Brazilian oil giant Petroleo Brasileiro Petrobras SA (NYSE:PBR) is no longer Latin America’s most valuable brand. Instead, Mexico’s popular Corona beer has been crowned as the top name in the list of brands to watch, according to the BrandZ index of 2013 compiled by U.S. brand consultancy Millward Brown Optimor.
Corona, which was sold to Belgian beer company Anheuser-Busch InBev (NYSE:BUD) in June, grew 29 percent in “brand value” in the last year – up to $6.62 billion. Millward Brown cited the “strong financial performance” of Corona’s parent company and a “solid brand positioning which is popular with consumers worldwide.”
In second place was Telcel, a wireless telecommunications company owned by América Móvil (NYSE:AMX), Mexican tycoon Carlos Slim’s brainchild, with a “brand value” of $6.58 billion; the third position was taken up by Brazil’s most popular beer Skol, with a brand value of $6.52 billion (a 39 percent spike from last year).
Petrobras, which was the top brand in 2012, was relegated to fourth place, with a value of $5.76 billion – a 45 percent plunge from last year, largely attributable to “company finances and ... largely caused by the devaluation of commodities across international markets.”
In a report in Época Negócios, a Brazilian financial newspaper, Millward Brown also pointed to social instability in the country and interventionist measures by the Brazilian government as reasons behind the drop in Petrobras’ brand value.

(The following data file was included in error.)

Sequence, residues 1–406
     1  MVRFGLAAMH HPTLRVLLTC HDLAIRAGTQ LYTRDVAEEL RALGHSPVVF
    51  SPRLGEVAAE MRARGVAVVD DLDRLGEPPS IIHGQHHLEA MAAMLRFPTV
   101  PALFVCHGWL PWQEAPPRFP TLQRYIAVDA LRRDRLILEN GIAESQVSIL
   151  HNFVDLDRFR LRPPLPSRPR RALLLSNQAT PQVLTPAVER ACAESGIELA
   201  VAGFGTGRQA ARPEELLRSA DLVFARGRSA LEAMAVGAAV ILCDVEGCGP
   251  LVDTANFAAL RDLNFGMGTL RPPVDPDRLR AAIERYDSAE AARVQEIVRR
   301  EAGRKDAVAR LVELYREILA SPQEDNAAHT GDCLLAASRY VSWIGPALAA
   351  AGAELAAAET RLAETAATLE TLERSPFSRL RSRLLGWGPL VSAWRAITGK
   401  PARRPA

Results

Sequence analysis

Following on the list were Chile’s retail and furniture giant Falabella (brand value of $5.61 billion), Brazil’s investment bank Banco Bradesco (NYSE:BBD) ($5.49 billion), and Colombia’s oil company Ecopetrol (NYSE:EC) ($5.14 billion). The last three positions in the top 10 comprised mobile phone company Claro –which is also a part of América Móvil-- ($4.45 billion), Brazil’s Itaú Bank (NYSE:ITUB) ($4.01 billion) and Colombian beer brand Águila ($3.90 billion).
(Itau’s brand value also plummeted by 39 percent over the past year, but remained in the top 10).
Millward Brown pointed out that as a whole, the total value of the top 50 brands in 2013 added up to $135.3 billion, just a slight dip from last year’s $135.7 billion.
“Despite the ongoing economic crisis and other factors that had a negative impact on economies in Latin America – including inflation and the fall in commodity prices – the total value of the BrandZ Top 50 Most Valuable Latin American Brands has only declined slightly in the last year,” said Fabian Hernandez, CEO of Millward Brown Latin America, in a statement.
“This shows how strong brands are able to minimize the impact of unfavorable macroeconomic conditions, and deliver a strong business performance.”
On the whole, Millward Brown indicated that Mexico has overtaken Brazil to become the Latin country with the largest percentage of the total brand value of the Top 50. Mexican brands, the study noted, contributed to almost one-third (32 percent) of the total value, as “Mexico’s proximity to the U.S. and its high number of international brands enabled it to benefit from recovering economies.”
BrandZ, the tool used by Millward Brown to compile the list, is a brand management index that takes into account business trends and consumption changes in 31 countries, comparing more than 23,000 brands. It regards brand value as a financial value, an estimation of the earnings that a brand is expected to generate.